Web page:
"You can study abroad under one condition: You must take a self-defense course." So said the author's father as she was making plans to attend college in France. This is what she experienced on the mat.
“Watch the movie Taken!” were the first words out of my parents’ mouths when I told them about my plans to study in Paris. They weren’t trying to scare me out of going (although my dad might have been); they simply wanted me to understand the dangers a girl faces when living alone in a large foreign city. Being my teenage and carefree self, I blew it off.
Time passed, and although my departure was still six months away, my dad insisted on my participation in a self-defense class. I mumbled. I grumbled. I pouted. I didn’t want to go. I could not have cared less about learning how to throw a punch or how to scream “No!” and run away. And I certainly didn’t want to spend five hours learning those things when I could just as easily be watching YouTube videos.
But I went.
Meredith Gold, the self-defense instructor who ran the course.
My dad and I arrived at the studio after driving for an eternity. It was hot, and I didn’t want to be there.
We were the first ones at the school, and as my dad chatted with the owner about a bunch of martial arts hullabaloo, I amused myself on my phone. I noticed the padded floor — great! That probably meant I’d be expected to perform some kind of self-defense move.
One by one, women trickled in until we were six, and my dad took his cue and left. The teachers — Meredith Gold and Mike Belzer — joined us, and before long, we were all sitting cross-legged in a circle. Inwardly, I rolled my eyes. I wasn’t thrilled to be mock kicking butt in front of a crowd, but I also wasn’t thrilled to be sitting in a circle, holding hands and singing Kumbaya. But as I had no choice, I listened. And what I heard was actually inspiring.
We talked about what we hoped to gain from the class. A point recognized by Meredith was that we all wanted to get a better sense of personal security and strength. She explained how the class would help us obtain those things and that it was a shame that because of our gender, we had to waste an entire day learning how to protect ourselves.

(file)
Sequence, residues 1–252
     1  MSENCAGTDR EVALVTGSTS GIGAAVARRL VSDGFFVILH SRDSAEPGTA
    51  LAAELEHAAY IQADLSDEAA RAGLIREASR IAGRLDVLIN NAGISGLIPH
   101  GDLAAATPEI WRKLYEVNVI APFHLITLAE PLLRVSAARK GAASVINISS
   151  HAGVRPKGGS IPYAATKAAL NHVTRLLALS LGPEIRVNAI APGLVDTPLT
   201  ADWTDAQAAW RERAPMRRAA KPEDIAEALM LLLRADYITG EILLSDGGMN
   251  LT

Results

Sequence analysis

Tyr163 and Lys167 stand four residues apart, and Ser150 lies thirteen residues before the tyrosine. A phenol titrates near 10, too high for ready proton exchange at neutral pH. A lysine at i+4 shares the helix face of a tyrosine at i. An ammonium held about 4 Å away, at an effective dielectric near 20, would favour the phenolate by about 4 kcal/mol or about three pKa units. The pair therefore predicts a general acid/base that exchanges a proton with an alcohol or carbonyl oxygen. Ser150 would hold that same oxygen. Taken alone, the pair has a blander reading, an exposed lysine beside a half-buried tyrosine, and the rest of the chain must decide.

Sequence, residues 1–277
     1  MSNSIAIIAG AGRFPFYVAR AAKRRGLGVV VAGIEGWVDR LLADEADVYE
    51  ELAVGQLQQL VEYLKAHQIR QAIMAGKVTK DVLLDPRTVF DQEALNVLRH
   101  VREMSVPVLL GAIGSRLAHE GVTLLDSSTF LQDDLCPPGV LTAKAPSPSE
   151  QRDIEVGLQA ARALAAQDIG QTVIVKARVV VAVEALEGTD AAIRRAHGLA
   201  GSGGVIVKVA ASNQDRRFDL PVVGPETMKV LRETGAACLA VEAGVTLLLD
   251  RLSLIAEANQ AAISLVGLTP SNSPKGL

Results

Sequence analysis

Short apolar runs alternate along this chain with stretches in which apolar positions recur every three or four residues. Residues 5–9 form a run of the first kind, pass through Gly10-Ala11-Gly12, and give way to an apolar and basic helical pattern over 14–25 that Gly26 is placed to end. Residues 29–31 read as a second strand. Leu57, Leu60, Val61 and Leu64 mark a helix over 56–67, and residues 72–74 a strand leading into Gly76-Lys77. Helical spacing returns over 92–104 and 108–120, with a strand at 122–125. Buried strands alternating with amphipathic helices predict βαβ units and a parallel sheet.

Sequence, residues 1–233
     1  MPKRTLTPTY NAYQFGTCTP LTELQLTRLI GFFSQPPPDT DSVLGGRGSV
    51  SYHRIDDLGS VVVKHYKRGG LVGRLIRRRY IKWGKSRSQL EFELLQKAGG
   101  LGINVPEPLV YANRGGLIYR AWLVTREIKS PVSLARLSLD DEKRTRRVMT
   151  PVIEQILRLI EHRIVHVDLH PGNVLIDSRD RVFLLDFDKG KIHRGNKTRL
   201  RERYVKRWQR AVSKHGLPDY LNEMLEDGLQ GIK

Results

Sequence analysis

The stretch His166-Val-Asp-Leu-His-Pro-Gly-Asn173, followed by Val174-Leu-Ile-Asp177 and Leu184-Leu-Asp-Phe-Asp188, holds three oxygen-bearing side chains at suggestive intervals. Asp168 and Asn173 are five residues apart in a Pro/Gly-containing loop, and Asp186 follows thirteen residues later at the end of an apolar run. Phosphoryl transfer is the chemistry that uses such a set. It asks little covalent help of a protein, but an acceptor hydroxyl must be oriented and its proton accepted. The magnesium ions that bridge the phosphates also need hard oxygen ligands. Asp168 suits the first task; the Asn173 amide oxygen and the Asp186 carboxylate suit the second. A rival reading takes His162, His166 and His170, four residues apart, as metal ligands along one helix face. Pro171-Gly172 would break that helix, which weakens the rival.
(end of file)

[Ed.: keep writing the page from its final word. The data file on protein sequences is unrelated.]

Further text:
She said the class would spend time on the establishment of boundaries. Most conflicts can be avoided, she explained, if we establish clear boundaries. Are you kidding me? This was supposed to be a self-defense class, and we were going to learn how to talk our way out of a potentially problematic situation? I sighed. I whined. I groaned. I rolled my eyes again. Inwardly, of course. Then we began.
Meredith outlined the importance of speaking firmly and clearly and meaning what we say. Predators and other evildoers can detect a lack of belief in oneself. Therefore, it’s necessary to set personal boundaries and express those boundaries in a nonconfrontational yet effective way. This can be conveyed via body language:
Stand with your feet planted, roughly shoulder-width apart and staggered — this makes physical defense easier, should it be necessary, she said. Shuffling away from the adversary is generally discouraged, although a moderate amount of repositioning is OK. Continually sliding away from a potential attacker can be interpreted as fear, she said, and that’s the opposite of what you want.
If the situation escalates, your hands must be in front of your upper body to ward off the attacker, Meredith said. She noted, however, that this protective stance can be assumed without stiff arms and flat palms, which communicate insecurity through overcompensation. A more relaxed state is less confrontational and less likely to infuriate the aggressor.
We stood up and practiced.
Mike and his assistant donned caps and glasses, posing as shady men. One by one, they would approach us, sometimes saying vulgar things and other times asking for assistance. It was our job to clearly communicate when a decent amount of personal space had been breached and say we’d be happy to assist from a safe distance. We were told not to apologize unless it truly was necessary because an apologetic state conveys vulnerability.
Sometimes, the aggressor would grumble, call us names and sulk off. Other times, he’d become frustrated and start yelling. My scenario unfolded like this: